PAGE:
- The church is empty, but is actually quite beautiful. I know it’s not a REAL church, but somebody put a great deal of time and attention into its design. There’s a baptismal font I’ll use if Nipsy ever becomes a father (or a priest, I guess), some lovely stained glass windows, and a donation box, because even in Second Life the Catholic Church is one big beggar.

- Really, what would this church need money for? In reality, of course, funds are used for all sorts of things: paying the clergy, improving the church, keeping the lights on, printing materials, financing missionaries, bailing priests out of prison…but in Second Life those things shouldn’t cost money. I don’t understand why anybody would donate money to a digital church. In fact, the more I learn about the different things one can do in Second Life, the more I question the overall investment of one’s time.


- There’s nothing going on in the church right now so I’ll just squat on the Bible for a few minutes.

- (Hey, don’t get mad…the game offered me the specific option of doing this. And once somebody suggests squatting on a Bible, I defy you to refuse.)

- Well, old Nipsy couldn’t make a donation to Our Electronic Lady of Sorrow even if he wanted to, so it’s probably about time he tracks down one of them money trees. Even if they’re barren there’s supposed to be a few of them, so a handful of teleports should be all I need to get me some sweet, sweet Lindens.

- …except I don’t know how to read that note I received on day 1 about the locations of money trees. When it was given to me I was able to glance over it, and I know for a fact that I clicked “keep” rather than “discard” but I don’t know how to open it back up.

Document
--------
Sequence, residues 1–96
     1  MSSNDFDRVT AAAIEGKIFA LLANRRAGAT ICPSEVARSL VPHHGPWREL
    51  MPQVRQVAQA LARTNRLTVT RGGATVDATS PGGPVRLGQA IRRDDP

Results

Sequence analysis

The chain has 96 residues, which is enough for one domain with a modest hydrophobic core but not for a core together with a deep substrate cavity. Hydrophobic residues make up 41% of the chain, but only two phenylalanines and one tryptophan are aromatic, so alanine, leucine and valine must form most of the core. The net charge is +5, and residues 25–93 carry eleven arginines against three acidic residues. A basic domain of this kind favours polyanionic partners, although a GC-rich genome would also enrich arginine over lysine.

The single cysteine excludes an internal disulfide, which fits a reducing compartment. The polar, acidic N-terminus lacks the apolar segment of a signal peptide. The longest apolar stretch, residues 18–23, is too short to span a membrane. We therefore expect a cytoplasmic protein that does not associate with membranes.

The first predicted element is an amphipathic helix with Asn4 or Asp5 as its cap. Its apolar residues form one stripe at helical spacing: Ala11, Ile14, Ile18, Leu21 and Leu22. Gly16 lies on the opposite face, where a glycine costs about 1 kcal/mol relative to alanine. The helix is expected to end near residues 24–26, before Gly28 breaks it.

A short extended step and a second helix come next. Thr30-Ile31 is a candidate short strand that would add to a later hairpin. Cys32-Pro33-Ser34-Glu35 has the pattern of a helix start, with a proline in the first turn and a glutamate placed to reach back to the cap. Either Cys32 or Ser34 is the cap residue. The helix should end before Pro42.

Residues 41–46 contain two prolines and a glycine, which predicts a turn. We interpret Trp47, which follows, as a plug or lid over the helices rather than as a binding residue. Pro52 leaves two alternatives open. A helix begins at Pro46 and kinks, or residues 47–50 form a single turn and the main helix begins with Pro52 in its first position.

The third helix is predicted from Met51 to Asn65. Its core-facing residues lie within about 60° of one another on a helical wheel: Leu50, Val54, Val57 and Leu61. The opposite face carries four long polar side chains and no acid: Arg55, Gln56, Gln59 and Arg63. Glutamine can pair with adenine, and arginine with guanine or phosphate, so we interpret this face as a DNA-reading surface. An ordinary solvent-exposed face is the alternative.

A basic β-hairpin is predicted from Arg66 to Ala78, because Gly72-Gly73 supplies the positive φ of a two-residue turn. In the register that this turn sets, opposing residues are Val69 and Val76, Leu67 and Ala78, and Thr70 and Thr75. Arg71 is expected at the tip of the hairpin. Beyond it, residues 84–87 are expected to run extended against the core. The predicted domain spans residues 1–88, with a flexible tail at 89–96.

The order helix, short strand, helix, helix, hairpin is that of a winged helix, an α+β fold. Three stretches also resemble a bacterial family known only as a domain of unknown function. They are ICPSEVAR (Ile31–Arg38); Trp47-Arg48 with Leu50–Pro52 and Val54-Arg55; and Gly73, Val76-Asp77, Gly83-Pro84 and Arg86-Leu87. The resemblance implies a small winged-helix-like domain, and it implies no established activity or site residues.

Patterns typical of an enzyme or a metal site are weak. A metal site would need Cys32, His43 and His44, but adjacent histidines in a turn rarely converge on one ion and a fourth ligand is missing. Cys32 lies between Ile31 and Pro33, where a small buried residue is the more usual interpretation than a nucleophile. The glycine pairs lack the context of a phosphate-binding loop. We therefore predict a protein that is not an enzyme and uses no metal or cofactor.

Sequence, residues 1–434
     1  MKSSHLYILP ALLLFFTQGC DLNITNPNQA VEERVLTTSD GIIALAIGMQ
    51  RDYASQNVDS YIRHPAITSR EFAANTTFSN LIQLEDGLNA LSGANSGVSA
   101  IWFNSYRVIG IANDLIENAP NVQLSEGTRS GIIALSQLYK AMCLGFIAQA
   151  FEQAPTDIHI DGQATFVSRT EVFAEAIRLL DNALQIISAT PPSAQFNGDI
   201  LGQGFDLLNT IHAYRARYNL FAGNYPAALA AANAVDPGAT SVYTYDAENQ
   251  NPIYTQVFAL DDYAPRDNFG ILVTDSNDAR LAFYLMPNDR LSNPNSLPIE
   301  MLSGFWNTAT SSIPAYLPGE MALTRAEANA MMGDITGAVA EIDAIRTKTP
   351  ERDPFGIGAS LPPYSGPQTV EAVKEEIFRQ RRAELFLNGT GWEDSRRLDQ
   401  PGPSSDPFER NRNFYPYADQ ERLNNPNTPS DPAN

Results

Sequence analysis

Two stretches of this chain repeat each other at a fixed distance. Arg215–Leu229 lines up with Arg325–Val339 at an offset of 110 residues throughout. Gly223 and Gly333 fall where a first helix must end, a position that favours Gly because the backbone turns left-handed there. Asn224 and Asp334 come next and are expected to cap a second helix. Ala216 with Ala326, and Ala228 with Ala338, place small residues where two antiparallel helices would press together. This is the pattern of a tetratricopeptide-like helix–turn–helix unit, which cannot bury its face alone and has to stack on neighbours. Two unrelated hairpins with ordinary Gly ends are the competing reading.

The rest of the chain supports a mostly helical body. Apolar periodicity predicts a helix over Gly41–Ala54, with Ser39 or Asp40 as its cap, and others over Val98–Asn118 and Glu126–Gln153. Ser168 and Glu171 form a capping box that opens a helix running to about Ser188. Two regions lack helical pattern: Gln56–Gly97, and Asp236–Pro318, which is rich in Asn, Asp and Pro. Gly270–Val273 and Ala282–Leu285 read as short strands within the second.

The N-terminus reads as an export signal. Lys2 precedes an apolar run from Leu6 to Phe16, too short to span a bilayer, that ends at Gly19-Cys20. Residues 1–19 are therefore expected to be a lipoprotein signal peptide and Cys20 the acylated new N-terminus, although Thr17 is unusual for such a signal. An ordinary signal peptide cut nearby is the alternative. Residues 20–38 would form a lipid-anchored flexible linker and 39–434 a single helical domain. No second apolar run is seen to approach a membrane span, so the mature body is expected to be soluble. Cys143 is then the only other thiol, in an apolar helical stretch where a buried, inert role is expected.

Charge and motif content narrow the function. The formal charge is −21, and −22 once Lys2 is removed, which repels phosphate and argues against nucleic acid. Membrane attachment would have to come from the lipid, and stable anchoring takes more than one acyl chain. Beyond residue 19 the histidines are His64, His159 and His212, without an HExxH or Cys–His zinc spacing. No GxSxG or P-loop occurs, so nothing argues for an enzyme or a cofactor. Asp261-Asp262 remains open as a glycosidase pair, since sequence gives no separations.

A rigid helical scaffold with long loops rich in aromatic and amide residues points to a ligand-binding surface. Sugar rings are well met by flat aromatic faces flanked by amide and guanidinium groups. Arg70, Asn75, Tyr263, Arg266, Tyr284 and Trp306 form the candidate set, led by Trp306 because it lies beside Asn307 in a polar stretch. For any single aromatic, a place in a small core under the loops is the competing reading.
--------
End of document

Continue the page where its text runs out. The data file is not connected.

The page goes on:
- Oh well. I could Google for a list of commands in Second Life, but there’s a built-in search feature that allows the player to locate specific landmarks, so let’s see if “money tree” turns up any locations.

- Turns out it does! Alright! I teleport to the first money tree result and find this waiting for me:


- So that’s the “money tree.” Wonderful. I’m even told (in a moment of surprising scam honesty) that my inbox will be positively flooded with spam, so I’d better make a separate account to contain it all.

- The concept of free money, then, is only slightly more realistic in Second Life than it is anywhere else. It involves filling out the same kinds of surveys that are advertised via popups and flashing banners promising free iPod Nanos. What a treat to find them here in Second Life as well. I wonder if I’ll get a larger sum for supplying my family’s banking information to a Nigerian barrister.

- I explore “Money Tree Island” for a short time to find it plagued by (what else?) popups and running banners, so it’s kind of like walking through a three-dimensional version of, which is not a prospect that should be exciting people.

- There is something here called a “money bench,” which has a few silent avatars seated on it. According to the instructions (a bench with instructions…), you will earn one free Linden Dollar for every 45 minutes you spend sitting on the bench. For reasons that should be obvious enough, I’m not interested enough to test this claim. I guess I could leave Second Life running while I sleep, but that seems pretty excessive for the privilege of buying Nipsy a fortune cookie.

- Money Tree Island is just begging to be fled, so I open up the search pane again. Not sure what to look for, I cast about for an old standard: “dating.” Since this economy thing isn’t going to be explored anytime soon, I might as well take a peek at what passes for romance in this place.